Lycos. Altavista. Infoseek. If you are over 30 these names may mean something. They were the competing web search engines of the 90’s that became ancient history as Google grew to become the industry behemoth (with Yahoo Search and Bing in distant second and third). Today, most of us don’t think about which search engine we are using, even as the Internet becomes more and more integrated into our lives. The Free Library recently installed the Google Chrome browser onto its public computers which has Google Search built in. Chrome, and Google products in general, are highly-regarded and useful, but should we be relying on Google exclusively for navigating the web? Are we missing anything by no longer using a variety of search services?
Google uses a complex search procedure, called an algorithm, to provide search results. In general, Google delivers results based on currency, region, your search history, and a popularity ranking called PageRank. The company continually makes tweaks and, much like a fast food chain’s secret sauce, the algorithm’s recipe is not shared ( though experts try to decipher how it changes.) Google’s stated goal in this process is to “look for clues to give you back exactly what you want.”
For most searches this is all well and good. When I search for “rainfall” I get current web pages about rainfall in Philadelphia from reputable sources such as the US National Weather Service. But what about when what is popular and local is not necessarily representative of information on a subject? Can any one algorithm accurately and fairly produce search results relating to a more complex or controversial topic like, say, climate change or Barack Obama?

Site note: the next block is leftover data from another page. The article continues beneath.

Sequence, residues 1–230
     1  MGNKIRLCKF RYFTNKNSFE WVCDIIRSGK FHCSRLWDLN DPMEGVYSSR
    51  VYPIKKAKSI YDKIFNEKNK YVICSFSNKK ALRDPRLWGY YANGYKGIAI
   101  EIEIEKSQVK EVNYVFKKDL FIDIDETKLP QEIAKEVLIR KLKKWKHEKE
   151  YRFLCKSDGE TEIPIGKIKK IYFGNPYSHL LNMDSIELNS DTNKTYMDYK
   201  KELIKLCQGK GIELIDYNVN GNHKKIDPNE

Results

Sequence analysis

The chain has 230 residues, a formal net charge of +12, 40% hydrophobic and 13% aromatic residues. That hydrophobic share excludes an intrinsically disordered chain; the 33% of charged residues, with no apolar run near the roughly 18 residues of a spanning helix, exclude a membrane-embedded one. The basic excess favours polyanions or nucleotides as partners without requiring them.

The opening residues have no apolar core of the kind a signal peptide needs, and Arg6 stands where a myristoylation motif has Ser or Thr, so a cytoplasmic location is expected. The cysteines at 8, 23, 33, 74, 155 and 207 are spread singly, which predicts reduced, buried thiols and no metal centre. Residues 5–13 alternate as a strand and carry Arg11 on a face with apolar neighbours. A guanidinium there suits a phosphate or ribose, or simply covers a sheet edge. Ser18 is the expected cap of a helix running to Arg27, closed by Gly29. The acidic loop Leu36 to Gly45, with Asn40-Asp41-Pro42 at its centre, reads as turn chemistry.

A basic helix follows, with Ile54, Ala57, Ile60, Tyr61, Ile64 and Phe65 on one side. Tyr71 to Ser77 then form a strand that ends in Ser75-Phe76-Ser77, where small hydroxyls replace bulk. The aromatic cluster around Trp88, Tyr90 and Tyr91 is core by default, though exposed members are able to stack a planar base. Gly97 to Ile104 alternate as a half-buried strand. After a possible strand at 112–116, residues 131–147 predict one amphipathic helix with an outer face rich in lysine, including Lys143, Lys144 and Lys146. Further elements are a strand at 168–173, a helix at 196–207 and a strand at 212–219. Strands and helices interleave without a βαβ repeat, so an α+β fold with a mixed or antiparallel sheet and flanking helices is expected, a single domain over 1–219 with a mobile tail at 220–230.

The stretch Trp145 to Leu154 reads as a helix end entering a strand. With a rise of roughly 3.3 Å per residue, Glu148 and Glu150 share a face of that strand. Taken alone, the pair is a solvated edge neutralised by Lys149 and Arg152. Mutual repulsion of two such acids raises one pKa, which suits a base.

Many critics say it can’t. Tech writer Carson Ward argues that by relying on web page popularity to deliver search results Google silences minority viewpoints. He explains that Google’s policies result in a closed loop of information that stifles new ideas. This shortcoming can be demonstrated by using a local example of a controversial subject. A search for “Philadelphia flash mobs” brings up mostly news media articles about recent teen violence and the mayor’s response. There are no webpages about non-violent flash mobs in the first few pages of results and only one that looks at the issue from a teen perspective (from Newsworks.org).
Other critics point out that Google by default tailors search results based on previous searches (even if you are not logged into a Google account). This is another attempt by Google to guess what a user wants. For example, if you search for “Iran” or “gay marriage” your results will be different if you have previously searched for “Obama.” If you are using a public PC at a library, your Google search results may be affected by the last person who used that computer.
This is all to say that search engines are complex and always changing. But despite advancements, we cannot expect them to serve up exactly what we need without some effort on our part. To get the most of search engines, here a few guidelines.
Try out different search phrases to get more varied results. GoogleGuide.com provides some good tips on this. A search for “philadelphia flash mobs teen perspective” produces additional articles from the Huffington Post and WHYY on the topic.
When using Google, disable Personalized Search. Click the gray globe symbol (see pic) in the upper right hand of the search results page. In many cases, this will give you different results.
Don’t rely on only one search engine. The giants are Google, Bing, and Yahoo. Others worth trying are Blekko, Ixquick, and DuckDuckGo, the latter two which do not track searches, ensuring more privacy.
Use the Free Library’s electronic databases to complement your research on the Web. For information on current social issues, Expanded Academic ASAP, Infotrac, MasterFILE Main Edition, and Opposing Viewpoints in Context are all useful resources. Also, talk to librarians for more recommendations.